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Elementary School

Storm Poem

This is a poem came out of the most recent Poetry Joeys workshop taught by Joni Wallace. Poetry Joeys is part of the University of Arizona Poetry Center's Family Days program. For more information, visit the Poetry Center's website.

Photo Credit: Cybele Knowles

Storm Poem

The wind howls
the lightning crashes
the thunder roars
the rain pounds
the trees sway
the ground floods
the sun is gone
the clouds are here
the water gushes in my boots
as I walk through the rain
the puddles splash
the water sprinkles
the rivers over fill
the breeze softens
the lightning lessens
the rain stops
the puddles dry
the sun is here
the clouds are gone
the storm is over
the storm is gone.

-Anonymous

Photo Credit: Cybele Knowles

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Friday, September 23, 2011

UA News Slideshow Interview: Summer Camp at the Poetry Center

The Poetry Center will run two more camps this summer, taught by Erin Armstrong and Elizabeth Falcón, The Invention of Hugo Cabret for ages 9-12 (June 20 - 24) and Introduction to Myth-making for high school students (July 11 - 15). Visit the Poetry Center website for more details.

Click here to visit the UA News site.
 

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Saturday, June 11, 2011

World of Words: A homophonic poetry activity for all ages

Jillian AndrewsIf you enjoyed the activities at our Young at Art Festival, or if you weren't able to make it, below are the directions to one of the poem-making activities led by UA student and teaching artist Jillian Andrews. Enjoy!

Materials

  • Blank paper
  • Markers
  • Scissors
  • Poems in various languages
  • English translation of each poem

Preparation

  • Print 4-5 poems in various languages.  Unfamiliar languages are best, in order to make sure the translation is completely based on sound, and not on previous knowledge of the language
  • Set out the materials and an example of your own "postcard poem"
  • You can choose to print world maps to have the kids guess where in the world their poem was written.
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Wednesday, May 18, 2011

Japan Poem

The power plants are breaking
its thorns are breaking
its leaves are breaking
the plates go up and down

one plate goes on the other
one plate turns on another
(that makes an earthquake)
the salamis are going up and down

this is the ocean I'm drawing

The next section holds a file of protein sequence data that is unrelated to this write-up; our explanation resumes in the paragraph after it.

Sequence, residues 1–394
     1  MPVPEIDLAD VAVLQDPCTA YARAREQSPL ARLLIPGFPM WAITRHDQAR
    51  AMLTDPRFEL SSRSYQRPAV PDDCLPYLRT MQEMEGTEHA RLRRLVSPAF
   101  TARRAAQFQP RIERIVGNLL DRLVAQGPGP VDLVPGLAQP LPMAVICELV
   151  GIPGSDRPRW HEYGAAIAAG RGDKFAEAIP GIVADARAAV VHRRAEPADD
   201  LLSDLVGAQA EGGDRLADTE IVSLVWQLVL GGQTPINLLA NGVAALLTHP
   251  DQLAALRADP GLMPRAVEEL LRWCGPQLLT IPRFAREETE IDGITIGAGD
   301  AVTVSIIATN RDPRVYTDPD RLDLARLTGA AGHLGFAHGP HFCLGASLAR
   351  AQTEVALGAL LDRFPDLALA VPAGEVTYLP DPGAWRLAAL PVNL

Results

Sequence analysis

an island that only has salt water
salt water  salt water
maybe I could visit Japan    

if I don't die

--Willow Falcón, age 4

Photo Credit: Cybele Knowles

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Thursday, May 12, 2011

Summer Camp: The Invention of Hugo Cabret

by Erin Armstrong

The Invention of Hugo Cabret by Brain Selznick is a book that I picked up last year, and I have not been able to put down. Recommended by a friend, I spent an afternoon devouring Selznick's creative narrative and exquisite drawings, and I try to pass on this beautiful book to as many readers as I can. I believe that this is one of the most innovative novels in children's literature to date. This book is told in both illustrations and words, and this combination of art forms allows for a sensory experience like never before. Follow Hugo through the streets of Paris as he discovers more about his father's old obsession with automatons, meets a young girl, Isabelle, and works for a grumpy old man in a toy booth who has secrets of his own. Once you delve into the world of Hugo Cabret, you'll find yourself enamored not only with Hugo but the drawings themselves. Selnick brings his obsession with the cinema to life and in his words, "the book itself is filled with silent movies."

This summer the Poetry Center will be exploring Hugo and his world as we do a week-long immersive camp. Students will do writing activities based on the book, which will involve stretching their imaginations and giving their creative sides a chance to soar. If Hugo and his world interest you, come explore it with us!

For more information on the book, please check out this website: http://www.theinventionofhugocabret.com.

For more information on the Hugo Cabret and other Poetry Center summer camps, visit poetry.arizona.edu/k12/summercamp.

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Tuesday, April 26, 2011

Young at Art Festival: Puppets Amongus Interview

On April 30th the Poetry Center will host the Young at Art Festival, celebrating Tucson youth artists and local community organizations. There will be day long activities for all ages, including plays, readings, chalk artists, musicians, puppet shows, a variety of word inspired crafts and activities including bookmaking, a poetry slam, haiku improv, and food made by Blue Banjo Barbecue served all day long!

For a complete schedule of the Young at Art Festival, click here.

Puppets Amongus is one of many local arts organizations performing at the Young at Art Festival. Sarah and Matt Cotten of Puppets Amongus were recently featured on Arizona Illustrated. Watch their interview below!

 

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Tuesday, April 12, 2011

Inspired to Teach: Writing with second graders